August 25, 2020
NEW YORK— Mayor de Blasio and Schools Chancellor Carranza today announced a multi-pronged approach to addressing, monitoring, and reporting air quality and ventilation in every building by the first day of school. Beginning today, every space occupied by students, teachers and staff in a school building will be inspected by a citywide team of independent professional engineers to assess each space and determine adequate ventilation. Inspection criteria and standards were developed based on a thorough review of guidance from the CDC and WHO, as well as expert review by the New York City Department of Health and Mental Hygiene. Building inspection results will be publicly shared on a rolling basis beginning this week through Friday, September 4th.
“With our record-low infection rates, New York City is the safest city in America,” said Mayor Bill de Blasio. “The verdict is clear: our plan to reopen schools is the strongest in the country and among the most rigorous in the world. I want all students and staff to enter our school buildings this fall with full reassurance that they will be safe.”
“We're leaving no stone unturned when it comes to our school buildings, and a robust approach to ventilation is a critical piece of our health and safety plan,” said Schools Chancellor Richard A. Carranza. “The science is clear: well-ventilated buildings are safer buildings--and we're going to make sure that's true for every school by the first day."
For the last several weeks, custodial engineers have been inspecting school buildings to identify repairs that will ensure proper ventilation. Now, every school building in New York City will also be inspected by teams of independent, certified professional engineers contracted by the School Construction Authority (SCA) to ensure that mechanical and natural air circulation and ventilation systems are in place prior to reopening. These School Ventilation Action Team inspections will provide a highly-qualified, third-party determination and documentation of how the building is providing air circulation and ventilation and the current status of those mechanisms. SCA will be joined by sister agencies, like the Department of Buildings and FDNY, as well as DOE custodial engineers to make sure every space inside a building is ready for occupancy.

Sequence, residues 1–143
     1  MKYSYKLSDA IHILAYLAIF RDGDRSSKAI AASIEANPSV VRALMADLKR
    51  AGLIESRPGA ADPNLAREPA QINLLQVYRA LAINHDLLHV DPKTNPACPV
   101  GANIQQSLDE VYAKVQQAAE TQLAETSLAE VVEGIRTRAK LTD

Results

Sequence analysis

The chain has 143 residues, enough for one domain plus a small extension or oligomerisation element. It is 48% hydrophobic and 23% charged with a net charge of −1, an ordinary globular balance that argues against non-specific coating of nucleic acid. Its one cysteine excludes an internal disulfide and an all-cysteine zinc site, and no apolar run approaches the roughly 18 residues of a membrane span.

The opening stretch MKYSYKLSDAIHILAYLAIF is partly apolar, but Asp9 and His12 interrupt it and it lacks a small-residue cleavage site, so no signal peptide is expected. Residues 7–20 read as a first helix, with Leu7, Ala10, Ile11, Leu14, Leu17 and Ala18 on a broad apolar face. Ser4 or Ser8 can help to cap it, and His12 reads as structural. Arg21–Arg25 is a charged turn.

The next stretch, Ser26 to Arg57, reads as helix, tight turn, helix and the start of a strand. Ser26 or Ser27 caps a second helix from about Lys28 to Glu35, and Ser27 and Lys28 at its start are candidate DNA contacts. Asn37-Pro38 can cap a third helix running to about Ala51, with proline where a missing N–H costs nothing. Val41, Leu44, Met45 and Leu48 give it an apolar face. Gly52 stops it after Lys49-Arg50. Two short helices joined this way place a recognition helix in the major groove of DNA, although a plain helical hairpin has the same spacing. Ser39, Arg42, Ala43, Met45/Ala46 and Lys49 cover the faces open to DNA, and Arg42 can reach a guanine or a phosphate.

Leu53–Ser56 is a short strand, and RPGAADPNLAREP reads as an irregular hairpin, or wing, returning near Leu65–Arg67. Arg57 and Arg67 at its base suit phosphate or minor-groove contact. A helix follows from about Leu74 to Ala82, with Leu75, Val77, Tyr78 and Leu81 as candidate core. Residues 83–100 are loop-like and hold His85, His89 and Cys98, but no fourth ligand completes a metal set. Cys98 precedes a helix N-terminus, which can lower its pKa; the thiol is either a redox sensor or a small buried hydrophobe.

The DOE will use the assessments to ensure sufficient ventilation by the first day of school. In instances where that is not possible, the room or building will not be used until repairs can be made.
The DOE has also purchased 10,000 portable air purifiers to be placed in schools by the first day. These devices are designed to remove particles from the air and reduce the risk of viruses being transmitted through the use of high efficiency particulate air (HEPA) filters. Schools will be allocated portable air purifiers first for their isolation rooms and nurses’ offices, and then based on need identified during building inspections as an added layer of defense against airborne particles. More will be purchased if needed.
Every building will also be provided a CO2 testing device for custodial engineers to measure the level of fresh air. When a room is occupied, elevated levels of CO2 in an enclosed space are evidence of poor air circulation and ventilation. Every Custodial Engineer is being provided with a CO2 testing device to provide quick, on-the-spot information regarding indoor air quality. School leaders and staff can request a CO2 reading to ensure that air circulation is being maintained in a room. If a room falls outside of the parameters for what is safe, the issue will be elevated to the Division of School Facilities, and the room will not be used until air circulation is remedied and improved.
Proper air ventilation is a key component of stopping the spread of COVID-19. Per CDC guidance, it is highly recommended that schools:
With its blended learning model, socially distanced classrooms, mandatory masks, widely available testing, and contact tracing program, the City's plan for reopening schools is the strongest in the country and among the most rigorous in the world. The City will only open schools if transmission stays below 3%, exceeding the 5% standard set by the World Health Organization and New York State.